The annual Hellas Committee of Germanischer Lloyd SE (GL) held in Athens today, focused on the recently announced DNV GL merger, challenges of the maritime industry and how costs in shipping can be controlled.
Erik van der Noordaa, DNV GL’s President of Business Area Maritime gave an update on the merger and highlighted that from now on DNV GL can offer an even broader range of services, a more effective network, more R&D activities and an even better set up to its maritime customers worldwide. He explained the complementary nature of the ships in operations of both legacy societies. While DNV is strong in tankers, LNG/LPG, special purpose vessels, cruise ships and offshore vessels, GL is a well-recognised classification society for container ships and multi-purpose vessels. With its combined global presence, expert knowledge and its extended network of offices, DNV GL will be even closer to its customers to meet the industry’s needs.
Mr Christian von Oldershausen, CCO at GL, stated that he sees a comparable high volatility in market projections on global and regional trades. In general, he said, deliveries had been still considerable in 2012. According to market analysts, the industry will see a delivery dip in 2015-2016, followed by a recovery from 2017 onwards. Mr von Oldershausen also gave a forecast of dry-docking capacity and explained results of the best practice ship management study. In this study, the classification society asked 100 shipping companies: What are the areas you are working on to improve your business? And what have you seen in other companies you consider as “best practice”?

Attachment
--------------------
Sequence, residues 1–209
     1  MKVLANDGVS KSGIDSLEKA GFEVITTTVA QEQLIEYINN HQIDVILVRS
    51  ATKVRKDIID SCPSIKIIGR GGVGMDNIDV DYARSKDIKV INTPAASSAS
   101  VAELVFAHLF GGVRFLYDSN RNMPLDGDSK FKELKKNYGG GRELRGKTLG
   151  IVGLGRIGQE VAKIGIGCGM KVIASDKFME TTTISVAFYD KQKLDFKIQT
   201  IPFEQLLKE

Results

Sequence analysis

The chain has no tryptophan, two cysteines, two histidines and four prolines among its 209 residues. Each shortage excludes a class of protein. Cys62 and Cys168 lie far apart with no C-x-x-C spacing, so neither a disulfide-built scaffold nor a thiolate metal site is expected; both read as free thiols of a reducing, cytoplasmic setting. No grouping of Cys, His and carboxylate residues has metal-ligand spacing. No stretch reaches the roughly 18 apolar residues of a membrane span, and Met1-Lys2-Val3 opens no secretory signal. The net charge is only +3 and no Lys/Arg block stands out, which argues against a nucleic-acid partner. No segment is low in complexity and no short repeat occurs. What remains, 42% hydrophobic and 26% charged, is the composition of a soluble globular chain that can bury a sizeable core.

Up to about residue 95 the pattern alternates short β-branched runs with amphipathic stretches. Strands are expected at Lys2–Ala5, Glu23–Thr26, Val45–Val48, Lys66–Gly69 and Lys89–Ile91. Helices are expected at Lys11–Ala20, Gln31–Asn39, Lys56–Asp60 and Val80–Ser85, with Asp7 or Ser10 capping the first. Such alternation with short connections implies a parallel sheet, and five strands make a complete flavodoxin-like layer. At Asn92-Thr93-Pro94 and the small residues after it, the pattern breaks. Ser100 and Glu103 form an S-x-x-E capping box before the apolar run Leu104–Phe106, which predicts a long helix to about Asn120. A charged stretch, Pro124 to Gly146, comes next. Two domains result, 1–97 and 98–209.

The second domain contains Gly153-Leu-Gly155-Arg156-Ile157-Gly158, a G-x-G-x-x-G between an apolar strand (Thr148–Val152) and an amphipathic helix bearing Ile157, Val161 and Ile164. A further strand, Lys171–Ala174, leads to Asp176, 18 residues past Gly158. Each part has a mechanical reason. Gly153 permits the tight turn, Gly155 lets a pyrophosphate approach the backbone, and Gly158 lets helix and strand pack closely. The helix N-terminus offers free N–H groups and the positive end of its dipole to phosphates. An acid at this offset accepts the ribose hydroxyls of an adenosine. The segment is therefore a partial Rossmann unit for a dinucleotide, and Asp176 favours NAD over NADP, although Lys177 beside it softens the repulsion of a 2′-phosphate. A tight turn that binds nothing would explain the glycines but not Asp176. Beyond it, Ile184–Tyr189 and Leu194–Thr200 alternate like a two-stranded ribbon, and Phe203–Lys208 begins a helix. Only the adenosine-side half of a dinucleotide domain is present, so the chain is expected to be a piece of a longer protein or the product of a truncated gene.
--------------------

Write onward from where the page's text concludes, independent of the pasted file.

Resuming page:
“Enhancing performance. Control costs in Shipping” was the title of the presentation of Mr Jan-Olaf Probst, Global Ship Type Director at GL. He stated that it is important to increase the performance of existing vessels. High bunker costs require from ship owners countermeasures to control and reduce costs. Every ship is different. What is effective for a container ship may not be suitable for a tanker vessel and vice versa. In turn, some measures are quickly implemented and others are more complicated. Some require dry docking and may be completed with class renewal, and others are solutions that could be implemented at any time.
Mr Probst summarized various retrofit solutions and presented an overview which can guide ship owners in the right direction respectively give the foundation of internal discussions about countermeasures.
Mr Athanasios Reisopoulos, Vice President, Area Manager for Southern Europe, gave a presentation on the topic: “Classification Societies: Present and Future”. From his perspective, class will retain its unique role in the industry acting as a bridge between regulators and ship owners. The future of class societies will largely be depend on maintaining a high level of quality and technical expertise in its service and investing in research and development. He believes that class societies will even more support the IMO and policymakers during discussions and in the development of new regulations to ensure that technical measures are achievable, practical and sustainable in financial and operational terms.
photo from the panel